Jim: Let me ask you, to really cement it in the hearts of the moms listening and for us dads, when we say this, what is the hard part? I mean, you did it. You prepped yourself. You came from a great Christian home. You were - sounds like - a very good young lady, a teen daughter. You probably did all the right things and - or many of the right things. Let’s give you some slack.
Jeannie: Not all (laughter).
Jim: But you know, probably a good student, all those kinds of things, and then you become the mom and it doesn’t quite work that way. What is the hard part?
Jeannie: I think the hard part, which I discovered several years into parenting, is that God doesn’t just work through us to grow our children. He works through our children to grow us.
Jim: Now why is - that is absolutely right. I’ve got the biggest grin on my face because that is what’s happening.
Jeannie: That’s what’s happening. And - and parenting is designed to deepen our dependence on God. That’s what it does. It deepens our dependence on God.
Jim: In the book, you remind moms about that verse in 2 Corinthians 12 about God’s grace and power. What exactly do we need when we feel weak? I mean, what - what is it that we’re looking for in that weak moment?
Jeannie: We’re looking for strength, obviously. I mean, but the thing is I think as moms, one of the biggest things I hear moms say is, “I don’t feel like I’m good enough.” That is the number one struggle when I speak, when I meet friends. I just don’t feel like I’m good enough. I’m not measuring up. I’m not good enough for my kids. And what’s so interesting about that - because I really struggle with that, too. And I have - this isn’t something I’ve mastered. I mean, I have to keep going back to the good news of the Gospel every day to be reminded of my freedom in Christ. But you know, if you think about what God says, nowhere do we find God saying, “Hey, Jeannie, hey, Jim, hey, John, I’m going to need you to be enough for your kids.” He doesn’t say that. He says, “My grace is enough. I am enough, and My grace is sufficient for you.” You know, Paul talks about if we even had a shot at being enough, then Christ died for nothing. And so this is really good news that can radically change our parenting. God didn’t call us to be enough for our kids.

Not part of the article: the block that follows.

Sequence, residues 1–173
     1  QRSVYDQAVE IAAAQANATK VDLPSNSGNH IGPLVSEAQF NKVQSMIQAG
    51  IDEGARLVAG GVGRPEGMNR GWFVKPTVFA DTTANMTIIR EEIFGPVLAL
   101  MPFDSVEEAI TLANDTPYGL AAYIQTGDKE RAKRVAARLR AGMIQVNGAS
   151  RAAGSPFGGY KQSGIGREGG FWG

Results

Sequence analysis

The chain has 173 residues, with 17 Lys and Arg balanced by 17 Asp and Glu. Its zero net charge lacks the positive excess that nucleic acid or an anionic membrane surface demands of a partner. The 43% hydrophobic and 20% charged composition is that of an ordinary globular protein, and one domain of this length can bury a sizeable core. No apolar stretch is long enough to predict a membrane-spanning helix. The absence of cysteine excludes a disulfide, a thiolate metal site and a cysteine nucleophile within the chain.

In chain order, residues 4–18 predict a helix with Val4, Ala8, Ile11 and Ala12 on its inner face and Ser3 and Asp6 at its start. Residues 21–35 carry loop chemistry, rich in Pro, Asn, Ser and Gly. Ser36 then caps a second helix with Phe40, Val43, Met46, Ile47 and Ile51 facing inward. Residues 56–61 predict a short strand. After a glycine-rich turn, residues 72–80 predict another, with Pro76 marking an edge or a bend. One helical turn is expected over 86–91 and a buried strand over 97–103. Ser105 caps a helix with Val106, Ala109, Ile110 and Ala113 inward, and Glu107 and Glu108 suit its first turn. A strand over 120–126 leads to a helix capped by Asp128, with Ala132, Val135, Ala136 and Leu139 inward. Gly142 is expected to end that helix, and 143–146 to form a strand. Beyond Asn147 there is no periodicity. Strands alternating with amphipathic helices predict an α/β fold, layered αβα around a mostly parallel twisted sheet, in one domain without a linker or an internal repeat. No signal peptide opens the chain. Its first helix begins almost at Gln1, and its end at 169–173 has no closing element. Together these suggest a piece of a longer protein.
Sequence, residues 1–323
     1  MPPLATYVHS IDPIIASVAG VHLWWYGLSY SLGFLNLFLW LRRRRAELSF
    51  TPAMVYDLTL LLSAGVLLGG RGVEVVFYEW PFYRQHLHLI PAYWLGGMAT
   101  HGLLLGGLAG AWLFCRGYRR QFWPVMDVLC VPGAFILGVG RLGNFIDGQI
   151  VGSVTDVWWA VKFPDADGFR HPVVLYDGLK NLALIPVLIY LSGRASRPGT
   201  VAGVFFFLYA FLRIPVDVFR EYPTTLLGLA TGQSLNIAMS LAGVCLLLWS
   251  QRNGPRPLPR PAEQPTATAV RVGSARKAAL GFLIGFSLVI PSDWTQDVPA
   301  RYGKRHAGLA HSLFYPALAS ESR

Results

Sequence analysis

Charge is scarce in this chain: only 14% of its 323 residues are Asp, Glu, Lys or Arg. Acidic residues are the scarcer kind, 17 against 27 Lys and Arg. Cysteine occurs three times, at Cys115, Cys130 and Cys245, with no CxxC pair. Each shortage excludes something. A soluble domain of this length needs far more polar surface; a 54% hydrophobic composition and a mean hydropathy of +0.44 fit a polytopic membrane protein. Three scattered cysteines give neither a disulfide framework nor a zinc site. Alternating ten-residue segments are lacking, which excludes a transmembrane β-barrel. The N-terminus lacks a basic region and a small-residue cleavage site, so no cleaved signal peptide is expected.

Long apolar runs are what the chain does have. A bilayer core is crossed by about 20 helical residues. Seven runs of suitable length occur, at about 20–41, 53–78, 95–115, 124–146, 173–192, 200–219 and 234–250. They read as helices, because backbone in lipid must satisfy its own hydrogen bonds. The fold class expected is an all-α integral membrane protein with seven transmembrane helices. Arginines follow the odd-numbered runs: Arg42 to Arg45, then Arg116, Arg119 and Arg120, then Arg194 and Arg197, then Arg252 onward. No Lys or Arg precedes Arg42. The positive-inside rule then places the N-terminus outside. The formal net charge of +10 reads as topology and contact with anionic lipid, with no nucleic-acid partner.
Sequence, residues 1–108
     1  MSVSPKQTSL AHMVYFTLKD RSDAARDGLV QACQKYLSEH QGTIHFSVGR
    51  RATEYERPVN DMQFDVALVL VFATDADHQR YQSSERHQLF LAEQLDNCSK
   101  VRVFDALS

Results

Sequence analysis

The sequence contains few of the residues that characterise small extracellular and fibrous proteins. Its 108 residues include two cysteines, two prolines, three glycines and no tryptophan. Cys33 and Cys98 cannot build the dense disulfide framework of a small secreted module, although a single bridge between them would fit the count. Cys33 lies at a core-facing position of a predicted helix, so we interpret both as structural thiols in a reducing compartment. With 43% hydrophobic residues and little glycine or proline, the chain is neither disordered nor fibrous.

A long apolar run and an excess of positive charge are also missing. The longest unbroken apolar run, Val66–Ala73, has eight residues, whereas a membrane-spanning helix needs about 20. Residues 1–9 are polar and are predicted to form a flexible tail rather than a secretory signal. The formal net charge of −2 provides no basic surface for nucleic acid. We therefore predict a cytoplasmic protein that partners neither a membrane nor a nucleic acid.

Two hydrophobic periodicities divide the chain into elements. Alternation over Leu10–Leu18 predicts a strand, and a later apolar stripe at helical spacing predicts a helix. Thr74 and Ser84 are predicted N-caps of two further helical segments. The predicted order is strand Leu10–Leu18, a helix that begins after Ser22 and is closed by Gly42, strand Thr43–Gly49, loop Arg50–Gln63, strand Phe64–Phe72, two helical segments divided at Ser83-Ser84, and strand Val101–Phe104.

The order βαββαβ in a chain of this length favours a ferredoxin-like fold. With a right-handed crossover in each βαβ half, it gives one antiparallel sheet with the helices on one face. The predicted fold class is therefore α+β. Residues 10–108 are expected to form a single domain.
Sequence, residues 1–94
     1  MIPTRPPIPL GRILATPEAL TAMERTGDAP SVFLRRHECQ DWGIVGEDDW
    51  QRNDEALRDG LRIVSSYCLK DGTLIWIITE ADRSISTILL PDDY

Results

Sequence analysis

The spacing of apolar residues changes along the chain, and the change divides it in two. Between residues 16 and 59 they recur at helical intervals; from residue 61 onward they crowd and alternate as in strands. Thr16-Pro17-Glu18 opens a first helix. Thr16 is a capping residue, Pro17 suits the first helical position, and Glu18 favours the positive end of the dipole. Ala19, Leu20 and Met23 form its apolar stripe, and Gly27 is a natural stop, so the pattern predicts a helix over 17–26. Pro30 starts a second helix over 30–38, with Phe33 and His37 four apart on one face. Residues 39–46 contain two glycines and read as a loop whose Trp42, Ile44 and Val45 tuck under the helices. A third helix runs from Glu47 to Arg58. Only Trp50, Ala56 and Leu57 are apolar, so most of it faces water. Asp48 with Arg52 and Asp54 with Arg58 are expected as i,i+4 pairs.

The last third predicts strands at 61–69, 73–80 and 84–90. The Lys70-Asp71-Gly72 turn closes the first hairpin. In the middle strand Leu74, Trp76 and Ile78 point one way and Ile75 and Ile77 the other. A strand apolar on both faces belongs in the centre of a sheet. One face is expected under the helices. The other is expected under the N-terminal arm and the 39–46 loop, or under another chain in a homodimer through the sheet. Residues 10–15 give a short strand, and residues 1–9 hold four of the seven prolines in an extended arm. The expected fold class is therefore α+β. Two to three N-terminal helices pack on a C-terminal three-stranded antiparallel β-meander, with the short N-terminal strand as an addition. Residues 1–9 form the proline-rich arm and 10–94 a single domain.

Jim: But in that emotional and spiritual battle that goes on in a mother’s heart and a mother’s head, describe that tug-of-war, though. I mean, the Scripture - it’s so interesting because the Scripture is pretty plain. He’s saying, “My grace is sufficient for you.” And then we say, “No, it’s not.”
Jim: “You don’t know my life. You don’t know my parenting battles, Lord. Your grace cannot cover this.” I mean, that’s really what we’re saying.
Jeannie: Yes, and what’s so interesting is Paul’s response to when Jesus said that was, “Well, now I can boast about my weaknesses. Now Your strength can be magnified in me.” But as a mom, what I say is, “No, Lord, I don’t want to be weak. I want to be strong. I want to be awesome.” And so it’s a humbling of, “Okay, I don’t have to be perfect for my kids. I don’t have to be their savior. God called me to be their parent. And the opportunity for me is to point them to Jesus.”
Jim: Jeannie, um, you know, just to press you on that so that we can have some practical handles for moms listening right now, that’s so common. You have Pinterest. You’ve got social media. Here’s my kid’s sixth birthday party, isn’t it perfect? I mean, that’s what you’re trying to project. What does it look like, practically speaking, to be weak as a parent? What does that look like? Is it messy or...
Jeannie: It’s so messy.
Jim: ...And what - emotionally, how do we move to a comfortableness with that, when everybody else around us, including our Christian friends, are really the Pinterest parent? They’re - it’s everything perfect. My kid’s the quarterback. You know, my daughter plays the flute at three. There’s this constant competition about how good my kid is and how well-behaved they are. How do you get comfortable...
Jeannie: And how that reflects on our identity.
Jim: Well, right. And how do you get comfortable going, “Oh, that’s nice. My kid’s kind of average right now.” I mean, that sounds like you’re not doing your job.